The Browning Chapter: Kindness Through Music
Interview by Tatiana Simmons
Jonathan Mota is a senior at the Browning School in New York City where he helped start the Browning Riley’s Way Chapter and now holds a leadership position. Through the Browning Riley’s Way Chapter, Jonathan is working with other young changemakers on food insecurity. Food insecurity is the limited or uncertain availability of nutritionally adequate and safe foods.
Jonathan wants everyone to know that it’s important to recognize that their work is enjoyable and that the Browning Riley’s Way Chapter is very passionate about what they do. They are willing to do whatever it takes to make the impact that they want to see.
My name is Jonathan and I’m a student at the Browning School. I’m currently a senior and of Mexican and Bolivian descent. I first got connected with Riley’s Way when they reached out to the school asking if they wanted to do a Chapter. After Lauren Shenkman, Director of Partnerships and Programs at Riley’s Way] spoke with the director he thought that I would be interested because of my previous work in volunteering. Beginning when I was 13, I used to go to my local food pantry to help pack and give out food, unload trucks, organize the different storage rooms, clean the space, etc. Later on, I taught a literacy class for Spanish-speaking adults and helped design the curriculum, and researched appropriate materials for the students to use. So, based on my experience we started working on it last year and now we are an official club.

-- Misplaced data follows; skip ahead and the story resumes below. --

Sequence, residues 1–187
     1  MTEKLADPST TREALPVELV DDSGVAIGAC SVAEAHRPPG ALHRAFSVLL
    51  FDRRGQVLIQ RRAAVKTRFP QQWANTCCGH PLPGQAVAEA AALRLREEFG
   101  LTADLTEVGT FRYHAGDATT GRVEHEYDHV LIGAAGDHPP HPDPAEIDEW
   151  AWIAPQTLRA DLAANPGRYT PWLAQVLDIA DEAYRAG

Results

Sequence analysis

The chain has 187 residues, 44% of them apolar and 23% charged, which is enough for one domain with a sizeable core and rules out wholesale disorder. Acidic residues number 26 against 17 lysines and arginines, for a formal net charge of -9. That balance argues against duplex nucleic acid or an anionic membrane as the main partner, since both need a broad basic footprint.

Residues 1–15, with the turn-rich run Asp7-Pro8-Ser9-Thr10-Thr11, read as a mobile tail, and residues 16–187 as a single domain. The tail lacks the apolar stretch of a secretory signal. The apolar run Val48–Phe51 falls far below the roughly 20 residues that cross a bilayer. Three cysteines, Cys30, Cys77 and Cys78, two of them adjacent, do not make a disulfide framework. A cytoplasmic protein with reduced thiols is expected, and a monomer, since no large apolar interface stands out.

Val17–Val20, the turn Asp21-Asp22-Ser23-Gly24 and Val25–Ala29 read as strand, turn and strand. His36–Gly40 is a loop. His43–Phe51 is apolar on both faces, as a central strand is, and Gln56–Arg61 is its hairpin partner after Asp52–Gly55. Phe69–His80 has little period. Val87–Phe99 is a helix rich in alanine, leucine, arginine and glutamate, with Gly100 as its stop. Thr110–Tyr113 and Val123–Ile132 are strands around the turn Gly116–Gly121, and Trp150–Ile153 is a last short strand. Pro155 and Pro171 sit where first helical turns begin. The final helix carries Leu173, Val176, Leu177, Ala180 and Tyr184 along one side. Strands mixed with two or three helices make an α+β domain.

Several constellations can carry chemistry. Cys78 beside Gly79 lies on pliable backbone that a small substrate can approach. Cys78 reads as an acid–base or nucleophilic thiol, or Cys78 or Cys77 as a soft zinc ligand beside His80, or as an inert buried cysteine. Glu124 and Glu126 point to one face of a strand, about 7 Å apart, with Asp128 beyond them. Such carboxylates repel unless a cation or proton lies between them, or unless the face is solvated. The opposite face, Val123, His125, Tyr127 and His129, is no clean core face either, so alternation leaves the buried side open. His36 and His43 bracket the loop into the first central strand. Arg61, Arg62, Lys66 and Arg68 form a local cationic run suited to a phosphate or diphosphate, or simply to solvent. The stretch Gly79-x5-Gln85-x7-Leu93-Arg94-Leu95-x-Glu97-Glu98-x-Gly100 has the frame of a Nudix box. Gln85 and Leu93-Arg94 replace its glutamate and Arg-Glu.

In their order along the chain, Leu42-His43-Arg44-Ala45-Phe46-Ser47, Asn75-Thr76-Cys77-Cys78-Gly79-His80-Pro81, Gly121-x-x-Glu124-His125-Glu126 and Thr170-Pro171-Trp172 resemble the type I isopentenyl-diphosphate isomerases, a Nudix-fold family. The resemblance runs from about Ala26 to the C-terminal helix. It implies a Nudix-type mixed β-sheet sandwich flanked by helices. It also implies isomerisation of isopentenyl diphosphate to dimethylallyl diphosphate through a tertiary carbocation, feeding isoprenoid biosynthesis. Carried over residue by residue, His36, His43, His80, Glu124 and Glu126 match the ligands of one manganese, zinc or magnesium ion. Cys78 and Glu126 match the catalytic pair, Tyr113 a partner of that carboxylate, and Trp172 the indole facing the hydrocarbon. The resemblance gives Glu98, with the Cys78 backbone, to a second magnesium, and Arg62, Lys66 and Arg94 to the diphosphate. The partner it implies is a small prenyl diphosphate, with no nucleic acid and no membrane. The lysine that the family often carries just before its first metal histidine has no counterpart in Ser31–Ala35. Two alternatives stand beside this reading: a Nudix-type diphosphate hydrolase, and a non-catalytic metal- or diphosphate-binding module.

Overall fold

Chapters are a relatively new initiative for Riley’s Way. Can you tell me more about what they are?
Our Chapter is very unique because we are the first all boys school that Riley’s Way has worked with. Chapters are essentially a group in the school that focuses on a goal and connects with a partner outside so that they can work together to complete that goal. Our Chapter is focused on food insecurity and so we are partnered with a food pantry, The Flushing Food Collaborative and are looking to partner with Homemade GM’s to enhance our vision.